because they  conspire to manipulate  supply to  influence price;                                                               
they don't set the price.                                                                                                       
CHAIR  SEEKINS  wanted to  clarify  that  the retailer  bears  no                                                               
responsibility in this law, just  the persons who are involved in                                                               
the conspiracy.                                                                                                                 
MR.  SNIFFEN  replied  that  is correct.  The  retailer  is  just                                                               
passing prices on.                                                                                                              
SENATOR  THERRIAULT  asked  why  language  on  page  2  would  be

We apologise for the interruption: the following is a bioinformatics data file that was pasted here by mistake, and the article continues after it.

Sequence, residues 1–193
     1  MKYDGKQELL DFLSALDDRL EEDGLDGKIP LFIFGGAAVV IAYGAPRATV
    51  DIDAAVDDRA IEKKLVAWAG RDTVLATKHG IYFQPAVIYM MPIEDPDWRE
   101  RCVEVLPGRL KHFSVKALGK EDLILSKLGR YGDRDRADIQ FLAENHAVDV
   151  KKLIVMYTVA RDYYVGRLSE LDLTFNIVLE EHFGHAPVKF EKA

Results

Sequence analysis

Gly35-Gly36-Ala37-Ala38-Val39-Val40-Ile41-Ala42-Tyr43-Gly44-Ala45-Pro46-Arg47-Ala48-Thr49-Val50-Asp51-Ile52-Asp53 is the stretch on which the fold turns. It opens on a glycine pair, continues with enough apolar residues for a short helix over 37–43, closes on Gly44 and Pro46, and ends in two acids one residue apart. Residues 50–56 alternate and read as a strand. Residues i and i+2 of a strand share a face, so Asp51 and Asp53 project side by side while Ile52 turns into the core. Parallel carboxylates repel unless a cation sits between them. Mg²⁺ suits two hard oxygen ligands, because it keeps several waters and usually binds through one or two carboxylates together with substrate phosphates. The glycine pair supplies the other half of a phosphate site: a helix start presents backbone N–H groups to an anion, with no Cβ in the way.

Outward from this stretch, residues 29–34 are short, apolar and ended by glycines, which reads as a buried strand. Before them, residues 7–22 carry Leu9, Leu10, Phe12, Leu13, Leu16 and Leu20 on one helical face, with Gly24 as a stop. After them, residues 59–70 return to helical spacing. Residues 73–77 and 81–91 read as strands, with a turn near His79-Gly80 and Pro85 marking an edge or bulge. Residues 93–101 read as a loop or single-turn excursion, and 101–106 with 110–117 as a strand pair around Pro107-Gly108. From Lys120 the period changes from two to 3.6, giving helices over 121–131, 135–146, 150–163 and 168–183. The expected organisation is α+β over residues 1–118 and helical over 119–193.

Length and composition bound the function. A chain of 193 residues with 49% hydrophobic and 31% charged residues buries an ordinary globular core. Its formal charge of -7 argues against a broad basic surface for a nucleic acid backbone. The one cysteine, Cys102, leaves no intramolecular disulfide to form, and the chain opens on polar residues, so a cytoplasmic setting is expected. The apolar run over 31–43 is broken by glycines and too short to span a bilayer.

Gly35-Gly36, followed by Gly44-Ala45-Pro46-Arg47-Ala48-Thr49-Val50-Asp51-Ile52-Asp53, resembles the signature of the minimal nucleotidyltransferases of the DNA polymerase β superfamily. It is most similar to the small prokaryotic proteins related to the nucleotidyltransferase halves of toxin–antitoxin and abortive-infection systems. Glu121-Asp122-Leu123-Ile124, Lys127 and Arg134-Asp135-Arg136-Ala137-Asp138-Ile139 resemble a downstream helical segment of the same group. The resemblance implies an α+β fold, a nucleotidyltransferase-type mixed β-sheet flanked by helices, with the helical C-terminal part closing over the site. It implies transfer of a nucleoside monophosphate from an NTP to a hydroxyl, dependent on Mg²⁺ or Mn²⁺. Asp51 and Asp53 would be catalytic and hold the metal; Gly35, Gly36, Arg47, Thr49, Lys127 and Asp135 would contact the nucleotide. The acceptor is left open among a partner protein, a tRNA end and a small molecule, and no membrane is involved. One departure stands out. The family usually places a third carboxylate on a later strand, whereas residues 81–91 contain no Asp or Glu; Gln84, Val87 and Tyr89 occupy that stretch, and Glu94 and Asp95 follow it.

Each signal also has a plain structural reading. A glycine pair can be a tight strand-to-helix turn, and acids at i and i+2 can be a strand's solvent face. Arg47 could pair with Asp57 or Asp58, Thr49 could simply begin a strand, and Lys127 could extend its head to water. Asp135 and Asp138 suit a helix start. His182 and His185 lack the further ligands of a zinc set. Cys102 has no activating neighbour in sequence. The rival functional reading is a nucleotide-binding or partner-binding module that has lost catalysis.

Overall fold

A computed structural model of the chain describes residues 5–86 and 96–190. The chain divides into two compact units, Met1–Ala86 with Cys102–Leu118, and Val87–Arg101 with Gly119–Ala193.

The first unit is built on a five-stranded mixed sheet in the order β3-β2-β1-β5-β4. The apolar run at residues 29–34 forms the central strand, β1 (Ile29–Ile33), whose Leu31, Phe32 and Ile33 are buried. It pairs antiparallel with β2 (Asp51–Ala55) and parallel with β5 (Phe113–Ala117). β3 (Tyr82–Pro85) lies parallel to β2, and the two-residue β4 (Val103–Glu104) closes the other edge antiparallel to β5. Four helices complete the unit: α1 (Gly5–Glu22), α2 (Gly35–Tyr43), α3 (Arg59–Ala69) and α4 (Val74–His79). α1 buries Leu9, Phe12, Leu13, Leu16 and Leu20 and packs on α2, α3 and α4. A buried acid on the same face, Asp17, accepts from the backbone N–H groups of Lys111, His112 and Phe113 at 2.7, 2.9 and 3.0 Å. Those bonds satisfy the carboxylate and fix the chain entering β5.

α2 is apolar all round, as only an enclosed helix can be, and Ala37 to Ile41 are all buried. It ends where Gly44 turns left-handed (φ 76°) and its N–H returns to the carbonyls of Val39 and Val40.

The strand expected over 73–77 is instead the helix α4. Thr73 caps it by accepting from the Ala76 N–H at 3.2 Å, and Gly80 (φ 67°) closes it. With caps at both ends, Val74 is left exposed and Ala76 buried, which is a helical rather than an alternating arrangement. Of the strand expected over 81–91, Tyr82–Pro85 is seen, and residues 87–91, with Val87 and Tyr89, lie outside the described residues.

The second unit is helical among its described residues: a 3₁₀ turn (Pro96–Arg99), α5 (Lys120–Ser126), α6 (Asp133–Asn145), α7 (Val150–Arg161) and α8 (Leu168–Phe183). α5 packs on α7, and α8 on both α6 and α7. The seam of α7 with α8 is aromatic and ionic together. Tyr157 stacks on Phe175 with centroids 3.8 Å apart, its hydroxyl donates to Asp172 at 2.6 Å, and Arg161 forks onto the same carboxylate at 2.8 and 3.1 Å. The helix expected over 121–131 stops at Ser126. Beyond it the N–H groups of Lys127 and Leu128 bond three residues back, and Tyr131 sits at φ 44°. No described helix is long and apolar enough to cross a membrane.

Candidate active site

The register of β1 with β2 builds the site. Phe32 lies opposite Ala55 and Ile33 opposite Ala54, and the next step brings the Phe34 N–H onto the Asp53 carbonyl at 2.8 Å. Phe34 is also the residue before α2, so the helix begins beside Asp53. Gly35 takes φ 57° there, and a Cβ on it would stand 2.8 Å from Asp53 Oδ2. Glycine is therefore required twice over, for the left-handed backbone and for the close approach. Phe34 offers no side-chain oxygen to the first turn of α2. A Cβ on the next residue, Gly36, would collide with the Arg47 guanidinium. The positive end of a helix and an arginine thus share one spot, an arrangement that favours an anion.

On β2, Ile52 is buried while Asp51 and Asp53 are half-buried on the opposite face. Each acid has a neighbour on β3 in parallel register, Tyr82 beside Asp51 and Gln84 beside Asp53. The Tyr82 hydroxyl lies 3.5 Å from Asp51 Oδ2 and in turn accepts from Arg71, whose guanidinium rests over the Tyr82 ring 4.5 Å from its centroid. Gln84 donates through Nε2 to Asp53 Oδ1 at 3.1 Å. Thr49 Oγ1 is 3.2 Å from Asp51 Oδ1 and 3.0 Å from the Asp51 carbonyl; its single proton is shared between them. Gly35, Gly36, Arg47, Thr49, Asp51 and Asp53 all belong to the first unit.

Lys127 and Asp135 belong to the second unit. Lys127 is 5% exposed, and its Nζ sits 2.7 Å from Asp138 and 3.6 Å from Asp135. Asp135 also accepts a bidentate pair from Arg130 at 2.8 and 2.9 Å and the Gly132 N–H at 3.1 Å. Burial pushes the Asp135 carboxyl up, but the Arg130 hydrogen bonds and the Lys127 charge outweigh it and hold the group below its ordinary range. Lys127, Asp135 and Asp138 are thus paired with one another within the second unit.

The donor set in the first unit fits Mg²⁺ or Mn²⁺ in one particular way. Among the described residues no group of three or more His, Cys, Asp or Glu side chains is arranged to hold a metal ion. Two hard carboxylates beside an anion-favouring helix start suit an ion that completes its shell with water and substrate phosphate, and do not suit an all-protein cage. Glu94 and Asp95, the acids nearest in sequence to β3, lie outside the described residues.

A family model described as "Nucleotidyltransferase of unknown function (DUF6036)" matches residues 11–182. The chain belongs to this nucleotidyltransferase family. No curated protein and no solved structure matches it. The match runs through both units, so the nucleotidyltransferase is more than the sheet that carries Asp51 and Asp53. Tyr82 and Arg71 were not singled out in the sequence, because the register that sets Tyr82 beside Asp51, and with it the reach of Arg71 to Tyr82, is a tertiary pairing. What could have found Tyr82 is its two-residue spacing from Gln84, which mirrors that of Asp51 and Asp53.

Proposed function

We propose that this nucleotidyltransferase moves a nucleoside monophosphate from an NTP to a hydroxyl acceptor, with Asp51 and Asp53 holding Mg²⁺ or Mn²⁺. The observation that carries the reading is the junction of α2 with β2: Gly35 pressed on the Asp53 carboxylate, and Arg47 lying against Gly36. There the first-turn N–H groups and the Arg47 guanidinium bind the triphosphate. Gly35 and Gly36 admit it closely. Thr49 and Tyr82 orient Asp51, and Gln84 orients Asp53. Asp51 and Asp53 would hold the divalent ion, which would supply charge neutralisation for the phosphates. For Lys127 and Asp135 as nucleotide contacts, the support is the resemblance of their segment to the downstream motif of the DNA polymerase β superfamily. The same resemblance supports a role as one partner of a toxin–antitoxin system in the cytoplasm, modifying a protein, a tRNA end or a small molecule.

MR.  SNIFFEN replied  that  is a  good question  and  there is  a                                                               
second portion  to the bill  that removes from the  current anti-                                                               
trust that  you have to find  conduct on behalf of  an anti-trust                                                               
violator is willful before you  can recover treble damages. Right                                                               
now, a  federal law does  not have  that requirement and  you can                                                               
recover three  times your  damages; state law  has a  much higher                                                               
SENATOR  THERRIAULT  asked how  they  would  go about  proving  a